KiwiSaver in retirement: busting the misconception

KiwiSaver in retirement: busting the misconception

The government and product providers have done a tremendous job promoting KiwiSaver as a retirement savings product. However, there is a common misconception that once someone turns 65, they have to cease contributions and withdraw their funds.

Nothing could be further from the truth and withdrawing from KiwiSaver could potentially be a detrimental move for many.

Obviously, if the funds are tagged for some specific expenditure at aged 65, then by all means withdraw the money. However, if there is not a specific expenditure requirement, then consider using KiwiSaver just like any other managed fund investment and having it as one component of your overall investment portfolio. The benefits of not withdrawing from KiwiSaver are:

  • In many instances, KiwiSaver funds have a lower ‘total expense ratio’ than other managed funds so this should translate to slightly higher returns than a comparable managed fund in exactly the same investments.
  • You can continue to save into it and withdraw funds just like any other managed fund.
  • There are a wide range of funds to select from making it easy to include your KiwiSaver fund as part of a diversified investment portfolio.
  • Information on your investment is usually very accessible.

Another misconception is the applicability of the ‘Lifetimes Option’. This is where some KiwiSaver products offer the facility for investors to automatically transition through the various funds when they attain a specific age. In the case of SIL, ANZ and ANZ Investments, investors who select the Lifetime Option, will be moved as follows:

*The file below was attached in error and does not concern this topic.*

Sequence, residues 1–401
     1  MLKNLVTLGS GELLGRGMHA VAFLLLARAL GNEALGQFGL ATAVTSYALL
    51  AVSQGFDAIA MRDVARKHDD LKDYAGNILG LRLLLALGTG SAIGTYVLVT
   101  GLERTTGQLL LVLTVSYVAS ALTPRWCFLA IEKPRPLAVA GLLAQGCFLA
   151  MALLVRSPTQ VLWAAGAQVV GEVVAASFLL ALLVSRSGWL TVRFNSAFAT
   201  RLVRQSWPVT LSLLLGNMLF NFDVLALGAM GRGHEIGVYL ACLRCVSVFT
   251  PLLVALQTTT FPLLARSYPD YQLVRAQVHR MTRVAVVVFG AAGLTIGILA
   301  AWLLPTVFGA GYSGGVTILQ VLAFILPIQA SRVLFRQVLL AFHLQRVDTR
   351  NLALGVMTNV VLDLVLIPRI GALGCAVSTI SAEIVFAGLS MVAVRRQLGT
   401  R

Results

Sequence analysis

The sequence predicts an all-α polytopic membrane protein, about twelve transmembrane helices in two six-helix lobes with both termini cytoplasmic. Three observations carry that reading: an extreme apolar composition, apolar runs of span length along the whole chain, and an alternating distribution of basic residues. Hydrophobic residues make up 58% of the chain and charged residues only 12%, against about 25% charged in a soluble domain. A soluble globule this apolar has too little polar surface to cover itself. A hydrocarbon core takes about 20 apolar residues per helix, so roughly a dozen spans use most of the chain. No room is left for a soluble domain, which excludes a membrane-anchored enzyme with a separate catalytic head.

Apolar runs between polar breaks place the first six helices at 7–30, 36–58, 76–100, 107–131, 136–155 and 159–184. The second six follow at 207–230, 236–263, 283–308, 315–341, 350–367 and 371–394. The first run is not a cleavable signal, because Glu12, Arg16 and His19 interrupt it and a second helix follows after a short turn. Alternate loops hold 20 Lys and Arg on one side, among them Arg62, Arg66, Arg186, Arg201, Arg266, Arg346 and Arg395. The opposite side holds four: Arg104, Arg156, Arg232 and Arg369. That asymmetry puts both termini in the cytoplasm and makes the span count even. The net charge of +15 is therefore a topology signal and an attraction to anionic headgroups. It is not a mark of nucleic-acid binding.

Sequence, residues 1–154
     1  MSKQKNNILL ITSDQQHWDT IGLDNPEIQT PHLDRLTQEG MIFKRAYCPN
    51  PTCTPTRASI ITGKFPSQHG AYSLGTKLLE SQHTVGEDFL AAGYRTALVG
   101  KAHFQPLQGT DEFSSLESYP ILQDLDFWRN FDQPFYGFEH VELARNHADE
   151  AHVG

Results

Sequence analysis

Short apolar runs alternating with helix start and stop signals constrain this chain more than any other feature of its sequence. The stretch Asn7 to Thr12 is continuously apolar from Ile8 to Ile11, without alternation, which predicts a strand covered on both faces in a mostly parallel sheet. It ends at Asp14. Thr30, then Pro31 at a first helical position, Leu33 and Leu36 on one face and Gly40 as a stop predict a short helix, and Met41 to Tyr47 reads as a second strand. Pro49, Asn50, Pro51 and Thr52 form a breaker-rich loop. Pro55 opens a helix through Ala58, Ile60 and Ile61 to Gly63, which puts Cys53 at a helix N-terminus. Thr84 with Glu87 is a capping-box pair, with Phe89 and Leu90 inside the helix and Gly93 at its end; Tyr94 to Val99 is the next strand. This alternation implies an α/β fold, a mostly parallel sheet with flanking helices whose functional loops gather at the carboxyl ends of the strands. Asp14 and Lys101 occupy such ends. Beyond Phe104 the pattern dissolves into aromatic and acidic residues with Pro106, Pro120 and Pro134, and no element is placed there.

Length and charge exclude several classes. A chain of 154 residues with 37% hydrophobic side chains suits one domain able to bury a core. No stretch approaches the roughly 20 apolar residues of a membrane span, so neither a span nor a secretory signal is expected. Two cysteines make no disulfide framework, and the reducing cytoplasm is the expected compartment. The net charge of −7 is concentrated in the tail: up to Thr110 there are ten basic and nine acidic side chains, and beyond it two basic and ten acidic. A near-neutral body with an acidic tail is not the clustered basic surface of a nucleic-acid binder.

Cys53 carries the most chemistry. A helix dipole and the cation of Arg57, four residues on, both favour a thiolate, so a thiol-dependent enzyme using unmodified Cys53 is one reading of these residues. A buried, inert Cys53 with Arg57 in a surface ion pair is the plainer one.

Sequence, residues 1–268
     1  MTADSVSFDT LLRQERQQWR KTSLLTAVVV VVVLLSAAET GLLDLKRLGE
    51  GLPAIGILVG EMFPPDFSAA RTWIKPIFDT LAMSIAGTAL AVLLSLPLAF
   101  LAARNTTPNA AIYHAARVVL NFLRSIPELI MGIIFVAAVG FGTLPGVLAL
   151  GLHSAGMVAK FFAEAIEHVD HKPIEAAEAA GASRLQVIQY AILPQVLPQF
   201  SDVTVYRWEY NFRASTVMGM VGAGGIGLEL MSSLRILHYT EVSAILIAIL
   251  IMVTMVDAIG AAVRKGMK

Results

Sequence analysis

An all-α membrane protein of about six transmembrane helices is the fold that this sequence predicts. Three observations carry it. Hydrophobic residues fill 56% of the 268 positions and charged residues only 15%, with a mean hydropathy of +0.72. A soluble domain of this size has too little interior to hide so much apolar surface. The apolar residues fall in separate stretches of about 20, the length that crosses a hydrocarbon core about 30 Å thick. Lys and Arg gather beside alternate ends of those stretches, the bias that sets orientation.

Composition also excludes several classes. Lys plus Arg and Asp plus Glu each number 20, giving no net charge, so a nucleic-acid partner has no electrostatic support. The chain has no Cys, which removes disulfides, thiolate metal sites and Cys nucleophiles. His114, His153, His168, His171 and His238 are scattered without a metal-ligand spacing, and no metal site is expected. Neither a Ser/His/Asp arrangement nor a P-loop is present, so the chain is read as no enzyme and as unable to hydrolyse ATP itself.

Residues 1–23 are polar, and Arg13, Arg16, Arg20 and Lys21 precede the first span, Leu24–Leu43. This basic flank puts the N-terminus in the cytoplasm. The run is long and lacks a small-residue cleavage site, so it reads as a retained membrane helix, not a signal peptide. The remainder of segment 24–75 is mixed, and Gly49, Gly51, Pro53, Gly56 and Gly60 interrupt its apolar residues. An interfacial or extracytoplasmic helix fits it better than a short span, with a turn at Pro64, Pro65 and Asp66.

0-35 years: OneAnswer Growth Fund
36-45: OneAnswer Balanced Growth Fund
46-55: OneAnswer Balanced Fund
56-60: OneAnswer Conservative Balanced Fund
61-64: OneAnswer Conservative Fund
65+: OneAnswer Cash Fund.

The concept is helpful and ideal for those who want a ‘set and forget‘ investment strategy and do not have a financial adviser. However, if the money is not going to be used for a number of years after retirement then there is a risk the investment will underperform as it is automatically becoming too conservative too early. For example, if an investor statistically is going to live to 82 years, then there is little value in switching to cash at age 65 and suffering the lower cash returns for the next 17 years.

Milestone clients can consider integrating KiwiSaver with other investments so it is all part of an holistic risk profile and portfolio. If your Milestone adviser can access your KiwiSaver records (this can only be done with your approval) then this will potentially enable better long-term investment returns and better achievement of financial goals. Talk with your adviser now to clarify how your KiwiSaver is structured, to not only meet your risk profile but to also maximise the long-term growth potential.

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